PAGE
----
Without a Core Tradition

Without a Core Tradition

Three recent recordings of twentieth and twenty-first century Irish orchestral composition reveal a persistent ambition to fuse an Irish musical heritage with European styles of composition.

Seán Ó Riada, Orchestral Works, RTÉ Lyric FM CD 136.
Frederick May, Sunlight and Shadow, RTÉ Lyric FM CD 135.
John Kinsella, Orchestral Works, RTÉ Lyric FM CD 134.

 The music collected on these three highly interesting RTÉ Lyric FM releases gives little clue of the compositional cosmopolitanism of the two or three generation of Irish composers born after 1960, whether that disconnection comes by dint of provenance, May and Ó Riada having lived in an earlier time, or by dint of compositional disposition, as in the case of Kinsella. 

Instead, we are presented with varying attempts to fuse Irish subjects or the Irish music tradition with European compositional styles; we hear Ó Riada and May grappling with contemporary musical innovations in not entirely resolved ways; and we witness in the symphonic music of Kinsella a settled-into-itself classicism disposed more to the musical potential of the late-Romantic repertoire than anything more modern. 

However, hints of Shostakovich and Magnus Lindberg do creep into Kinsella’s often majestic sixth symphony, which premiered in 1996, and a modernist musical exoticism likewise into the seventh, which dates from 1999. Echoes of Robert Simpson, another skilled orchestral writer who did interesting things within the bounds of an arguably finite tradition, abound throughout the Kinsella disc, which features authoritative and penetrating performances from the RTÉ National Symphony Orchestra under Proinsías Ó Duinn. Gavin Moloney ably leads the orchestra and the National Chamber Choir in Kinsella’s exciting seventh symphony.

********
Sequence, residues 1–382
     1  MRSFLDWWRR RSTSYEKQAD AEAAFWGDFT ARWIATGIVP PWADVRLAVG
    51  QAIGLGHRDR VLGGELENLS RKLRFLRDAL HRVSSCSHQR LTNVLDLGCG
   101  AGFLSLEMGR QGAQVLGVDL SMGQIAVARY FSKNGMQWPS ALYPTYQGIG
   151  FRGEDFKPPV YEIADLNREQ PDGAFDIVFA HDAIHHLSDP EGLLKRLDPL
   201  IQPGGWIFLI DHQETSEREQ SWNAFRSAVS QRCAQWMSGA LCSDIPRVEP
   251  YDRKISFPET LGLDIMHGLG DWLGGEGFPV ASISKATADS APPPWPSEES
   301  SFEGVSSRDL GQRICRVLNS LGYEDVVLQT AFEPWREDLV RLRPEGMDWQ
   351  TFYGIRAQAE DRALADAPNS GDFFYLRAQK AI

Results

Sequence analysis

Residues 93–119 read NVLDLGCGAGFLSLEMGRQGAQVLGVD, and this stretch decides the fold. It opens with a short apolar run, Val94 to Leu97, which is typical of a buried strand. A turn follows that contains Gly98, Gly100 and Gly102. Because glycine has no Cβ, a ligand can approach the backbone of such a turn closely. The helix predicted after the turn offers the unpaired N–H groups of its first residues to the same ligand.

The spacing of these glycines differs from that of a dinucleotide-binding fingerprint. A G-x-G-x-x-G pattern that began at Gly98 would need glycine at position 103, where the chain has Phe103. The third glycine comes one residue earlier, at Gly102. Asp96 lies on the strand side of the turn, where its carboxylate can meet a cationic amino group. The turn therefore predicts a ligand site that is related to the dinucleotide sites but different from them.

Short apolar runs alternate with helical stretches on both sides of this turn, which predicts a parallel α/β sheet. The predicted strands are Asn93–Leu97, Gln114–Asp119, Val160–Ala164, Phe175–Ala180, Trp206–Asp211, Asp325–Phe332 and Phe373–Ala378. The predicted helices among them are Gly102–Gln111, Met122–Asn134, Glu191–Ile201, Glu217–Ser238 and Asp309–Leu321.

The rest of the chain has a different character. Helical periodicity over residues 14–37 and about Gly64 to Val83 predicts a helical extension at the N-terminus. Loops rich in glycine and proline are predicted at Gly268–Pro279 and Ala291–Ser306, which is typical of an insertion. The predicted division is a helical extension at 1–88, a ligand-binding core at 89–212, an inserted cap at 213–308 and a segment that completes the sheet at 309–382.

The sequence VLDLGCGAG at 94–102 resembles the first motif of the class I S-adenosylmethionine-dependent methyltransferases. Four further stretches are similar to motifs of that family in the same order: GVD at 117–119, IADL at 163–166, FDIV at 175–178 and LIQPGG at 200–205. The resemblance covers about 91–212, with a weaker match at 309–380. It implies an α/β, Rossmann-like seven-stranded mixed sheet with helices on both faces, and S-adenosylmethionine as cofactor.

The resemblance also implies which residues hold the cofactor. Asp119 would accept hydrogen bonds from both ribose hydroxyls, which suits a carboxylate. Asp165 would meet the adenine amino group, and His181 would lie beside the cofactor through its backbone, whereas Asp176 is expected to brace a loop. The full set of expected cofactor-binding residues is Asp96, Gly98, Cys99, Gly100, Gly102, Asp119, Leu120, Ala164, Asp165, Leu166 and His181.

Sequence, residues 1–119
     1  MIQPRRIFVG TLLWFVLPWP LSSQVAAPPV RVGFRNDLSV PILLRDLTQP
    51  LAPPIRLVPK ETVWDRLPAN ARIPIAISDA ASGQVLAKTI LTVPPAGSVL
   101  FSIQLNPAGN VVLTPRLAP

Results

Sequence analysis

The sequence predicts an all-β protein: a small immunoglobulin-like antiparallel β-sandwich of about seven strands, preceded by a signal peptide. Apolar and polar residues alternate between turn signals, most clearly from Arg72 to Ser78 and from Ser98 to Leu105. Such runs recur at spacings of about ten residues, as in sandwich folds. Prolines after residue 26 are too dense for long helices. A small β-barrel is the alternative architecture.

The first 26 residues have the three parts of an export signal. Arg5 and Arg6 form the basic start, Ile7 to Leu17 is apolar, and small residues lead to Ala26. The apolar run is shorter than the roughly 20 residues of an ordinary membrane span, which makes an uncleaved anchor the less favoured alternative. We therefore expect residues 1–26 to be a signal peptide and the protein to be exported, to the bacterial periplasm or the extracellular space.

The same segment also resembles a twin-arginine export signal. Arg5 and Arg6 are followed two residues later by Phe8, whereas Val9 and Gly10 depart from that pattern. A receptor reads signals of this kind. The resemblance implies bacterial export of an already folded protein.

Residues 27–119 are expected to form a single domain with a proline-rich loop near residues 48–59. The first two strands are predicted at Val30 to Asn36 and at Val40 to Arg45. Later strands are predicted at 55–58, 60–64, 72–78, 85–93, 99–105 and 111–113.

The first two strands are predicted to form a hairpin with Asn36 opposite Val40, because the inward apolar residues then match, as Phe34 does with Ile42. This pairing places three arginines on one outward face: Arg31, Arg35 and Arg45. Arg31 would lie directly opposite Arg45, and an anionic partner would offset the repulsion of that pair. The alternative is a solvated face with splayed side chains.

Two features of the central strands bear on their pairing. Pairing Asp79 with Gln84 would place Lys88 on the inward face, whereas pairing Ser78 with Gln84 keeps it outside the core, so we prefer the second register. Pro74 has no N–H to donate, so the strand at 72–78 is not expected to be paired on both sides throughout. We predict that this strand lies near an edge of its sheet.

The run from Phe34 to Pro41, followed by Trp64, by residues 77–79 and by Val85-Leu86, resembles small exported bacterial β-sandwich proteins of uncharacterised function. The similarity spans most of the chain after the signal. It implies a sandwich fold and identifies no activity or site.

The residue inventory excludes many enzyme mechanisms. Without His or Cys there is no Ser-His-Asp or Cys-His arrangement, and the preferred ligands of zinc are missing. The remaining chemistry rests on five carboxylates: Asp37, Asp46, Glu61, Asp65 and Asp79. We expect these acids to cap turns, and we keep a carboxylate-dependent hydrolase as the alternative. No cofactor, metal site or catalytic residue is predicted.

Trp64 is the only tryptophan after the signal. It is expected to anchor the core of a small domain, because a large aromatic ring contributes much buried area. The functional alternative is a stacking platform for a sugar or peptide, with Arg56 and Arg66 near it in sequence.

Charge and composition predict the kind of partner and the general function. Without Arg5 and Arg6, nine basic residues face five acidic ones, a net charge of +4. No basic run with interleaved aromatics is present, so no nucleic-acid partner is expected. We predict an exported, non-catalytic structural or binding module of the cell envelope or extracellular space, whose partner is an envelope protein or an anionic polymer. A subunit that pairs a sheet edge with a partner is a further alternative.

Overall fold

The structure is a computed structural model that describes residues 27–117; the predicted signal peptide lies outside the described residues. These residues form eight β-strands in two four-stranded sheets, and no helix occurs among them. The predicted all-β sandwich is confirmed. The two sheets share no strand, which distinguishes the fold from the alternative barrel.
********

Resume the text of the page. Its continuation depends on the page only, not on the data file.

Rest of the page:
And yet these discs are not without their modernistic, volatile, cosmopolitan moments. Ó Riada’s Hercules Dux Ferrariae (1957) features a bizarre but typically inventive marriage of serialism, Medieval modality and modernist, Stravinskian colour. The same composer’s Nomos No. 4 (1958) is almost as good, although the austere piano and percussion textures are cribbed just a little too closely from Bartók. The Orchestral Suite from Mise Éire (1959) represents one of the most successful extant attempts at blending the Irish and European traditions, and it sounds better than it ever has here, with the RTÉ Concert Orchestra on expansive and grandiose form. The players of the RTÉ NSO under Robert Houlihan are attentive and engaged throughout the rest of the disc.

Frederick May’s Songs from Prison (1941) brings wide-ranging emotional depth and vivid orchestral shading to its moving narrative of a Jewish prisoner-of-war who finds solace in a swallow’s nest visible from the window of his cell, depth and shading that recall everything from Delius, to Strauss, to Debussy and Berg. Compositional echoes are also there in May’s driving and teetering Scherzo (1933), which matches contemporaries Prokofiev and Shostakovich every mordant step of their way.

May’s music habitually and winningly alternates between a British sense of the pastoral, which is glowingly present in the gorgeous Sunlight and Shadow (1955) and the somewhat more tumultuous A Spring Nocturne (1937), and a more typically mid-century European notion of formal tension and collapse, where the former stability of older musical forms seems to be subject to a distinctly modern sense of anxiety and disintegration. Irish subjects are also present in May, as heard here in the sumptuous Suite of Irish Airs. It is an especial shame that ill health made composing impossible in the last decades of the composer’s life. Houlihan and the NSO give consummate and vibrant performances, whilst baritone Owen Gilhooley sings powerfully without ever losing vocal agility or precision on the standout Songs from Prison.

It is possible in looking for explanations as to why no stable Irish compositional idiom developed in the twentieth century to assert that it was not that, or not only that, European music exerted an anxiety of influence on Irish composers, as some suggest, but more simply that because of the lack of resources and institutions capable of supporting its development, it could not develop. These discs do indeed demonstrate the absence of a core Irish tradition, but they also show the musical vitality that emerged from this island regardless. These gleaming recordings should become the standard bearers for performances of this protean and proto-Irish orchestral music.


Published on 9 January 2012

Stephen Graham is a lecturer in music at Goldsmiths, University of London. He blogs at www.robotsdancingalone.wordpress.com.

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